His name is there underlined and in capital letters, signifying his first year of eligibility for the Pro Football Hall of Fame, just like 10 other first-time nominees.
While his name may not be of much significance to some, the sight of "DARREN SHARPER (FS)" might have a different significance for at least nine women in four different states.
In April, former All-Pro Saints player Sharper reached a "global plea agreement" with the jurisdictions of California, Arizona, Nevada and Louisiana. "The plea deal hinged on Sharper admitting to sexually assaulting nine women in four states," New Orleans' Times-Picayune reported.
After the plea agreement was proposed in April, he pleaded guilty in June to two counts of forcible rape and one count of simple rape that reportedly occurred during a 2013 incident. Sharper's official sentencing is expected to be on Oct. 15. Under the plea deal, Sharper would receive a 20-year sentence, but it is possible he would actually be serving about nine years in prison on the condition that he follows the terms of his subsequent "lifetime probation."
A detailed ProPublica report said Sharper "drugged many of his victims with powerful amnesiacs, resulting in cloudy or even nonexistent memories." According to the same ProPublica report, one specific incident in Arizona had a witness account. This woman "saw Sharper naked, thrusting into the body of the woman who had passed out on the couch." The witness' friend was unconscious "within minutes" of having a shot prepared by Sharper.
Yet here he is on that list with prestigious football players including quarterback Brett Favre and wide receiver Terrell Owens. As unlikely as it is that Sharper will be voted in by the 46-person selection committee, should the serial rapist even appear on a list of people who could theoretically join football's most elite group in Canton, Ohio?
Sharper is technically eligible for the Hall of Fame -- which has been careful to publicly distinguish itself from the NFL -- because he has been out of the league five full seasons and made at least one All-Pro or Pro Bowl team during his career, the criteria for getting placed on the ballot.
He certainly had a Hall of Fame-type career over his 14 years in the league too. The safety was an all-decade player in the 2000s and finished with a total of 63 interceptions, just one less than Ed Reed, a staple of the Baltimore Ravens defense for years.
Peter King of Sports Illustrated's MMQB has spoken at length this year about Darren Sharper and the Hall of Fame. He has continuously said that off-the-field matters should not and cannot come into play when nominating and eventually voting in Hall of Fame candidates.
The MMQB columnist does have a point. As Deadspin's Drew Magary notes, the lack of a "character clause," which would ask voters to take a player's actions off the field into account, "prevents voters from grandstanding by omitting certain players from a ballot for supposed moral trespasses."
But should a line ever be drawn? Is a crime ever so deplorable enough that the league and its Hall of Fame should decide to completely dissociate themselves from an individual?
The Huffington Post posed that question about a possible line being drawn for future nominees in a phone call to Joe Horrigan, the Executive Vice President of Museums, Selection Process & Chief Communications Officer at the Pro Football Hall of Fame. Horrigan emphasized that he did not want to get into hypothetical situations and said they have gone by the same standards for Hall of Fame eligibility.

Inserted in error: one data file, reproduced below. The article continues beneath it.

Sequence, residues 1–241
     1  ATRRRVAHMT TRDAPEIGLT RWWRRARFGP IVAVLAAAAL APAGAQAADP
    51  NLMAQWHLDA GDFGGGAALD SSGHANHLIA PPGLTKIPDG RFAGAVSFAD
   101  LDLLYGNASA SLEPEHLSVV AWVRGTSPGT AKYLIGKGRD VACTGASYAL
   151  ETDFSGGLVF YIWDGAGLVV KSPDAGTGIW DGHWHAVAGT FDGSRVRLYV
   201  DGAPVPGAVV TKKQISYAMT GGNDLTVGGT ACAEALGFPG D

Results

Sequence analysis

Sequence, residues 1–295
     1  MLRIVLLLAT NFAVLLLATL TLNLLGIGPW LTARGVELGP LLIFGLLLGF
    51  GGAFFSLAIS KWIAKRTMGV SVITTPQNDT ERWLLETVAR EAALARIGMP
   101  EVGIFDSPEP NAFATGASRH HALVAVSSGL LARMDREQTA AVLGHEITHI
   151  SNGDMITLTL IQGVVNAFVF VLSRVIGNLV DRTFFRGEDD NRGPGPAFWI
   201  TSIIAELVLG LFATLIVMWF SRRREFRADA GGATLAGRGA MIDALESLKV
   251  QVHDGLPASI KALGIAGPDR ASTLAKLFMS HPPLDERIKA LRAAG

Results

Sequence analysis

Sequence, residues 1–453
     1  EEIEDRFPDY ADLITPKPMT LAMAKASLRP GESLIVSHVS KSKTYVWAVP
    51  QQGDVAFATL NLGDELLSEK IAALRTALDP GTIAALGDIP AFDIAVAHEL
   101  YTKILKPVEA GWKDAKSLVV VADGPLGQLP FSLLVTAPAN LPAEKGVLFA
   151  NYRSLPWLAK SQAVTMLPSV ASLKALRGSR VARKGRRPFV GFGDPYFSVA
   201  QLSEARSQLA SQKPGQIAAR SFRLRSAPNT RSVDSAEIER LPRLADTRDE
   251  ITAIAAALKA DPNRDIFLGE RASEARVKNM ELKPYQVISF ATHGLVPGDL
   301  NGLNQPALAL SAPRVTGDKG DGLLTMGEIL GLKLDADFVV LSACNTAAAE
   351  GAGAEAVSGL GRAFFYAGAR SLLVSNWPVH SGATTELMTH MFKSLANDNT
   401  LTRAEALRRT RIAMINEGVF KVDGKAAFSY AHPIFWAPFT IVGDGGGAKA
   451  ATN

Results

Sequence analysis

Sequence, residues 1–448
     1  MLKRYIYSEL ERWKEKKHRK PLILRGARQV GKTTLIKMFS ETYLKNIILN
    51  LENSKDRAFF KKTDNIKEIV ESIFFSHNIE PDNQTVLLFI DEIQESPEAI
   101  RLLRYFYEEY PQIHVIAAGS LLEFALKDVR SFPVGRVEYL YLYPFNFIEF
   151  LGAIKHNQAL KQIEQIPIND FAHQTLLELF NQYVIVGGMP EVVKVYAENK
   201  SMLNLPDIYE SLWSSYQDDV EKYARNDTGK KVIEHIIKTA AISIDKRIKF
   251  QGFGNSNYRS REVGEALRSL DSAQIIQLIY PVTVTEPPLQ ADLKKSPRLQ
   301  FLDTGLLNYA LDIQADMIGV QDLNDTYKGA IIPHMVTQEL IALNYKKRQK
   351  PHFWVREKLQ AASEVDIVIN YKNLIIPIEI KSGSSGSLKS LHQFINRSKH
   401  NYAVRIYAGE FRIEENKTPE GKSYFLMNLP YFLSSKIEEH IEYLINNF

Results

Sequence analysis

"Up to this point, we have not done anything more than to define what makes someone eligible for the Hall of Fame," Horrigan told HuffPost. "Beyond that, we have created no provision to remove anyone or try to set up any other criteria other than the fact that someone is elected to the Hall of Fame based solely upon his career."
And while some Hall of Fame selectors such as Peter King have emphasized they will vote for inductees according to the current standards, another voter acknowledged it would not be that simple. In an interview with ProPublica, Bleacher Report NFL writer and Hall of Fame selector Jason Cole was very candid about his thoughts on Sharper.
"Off the field is not supposed to count, but I would feel disgusting if I voted for him," Cole said. "There's a certain point where you can't separate the two. And he crossed that line."
Removing Sharper's name from the list of potential Hall of Fame inductees wouldn't erase Sharper's career for the history books. But it would allow the the Pro Football Hall of Fame to stand in solidarity with Sharper's victims.
The organization wouldn't be the first. The former free safety's high school, Hermitage High, decided in March that the convictions far outweighed his accomplishments and removed plaques and other mentions of Sharper's name around the school.
Sharper's qualifications, like the the other 107 modern nominees, will be thought over by the Hall of Fame voters. It will be seen whether he receives enough votes to move on to the next round as one of the top 25 semi-finalists for the Hall of Fame in November.
Whether he advances or not, DARREN SHARPER (FS) will continue to be a glaring sight on the Hall of Fame's nominee list during that time, justified or not.
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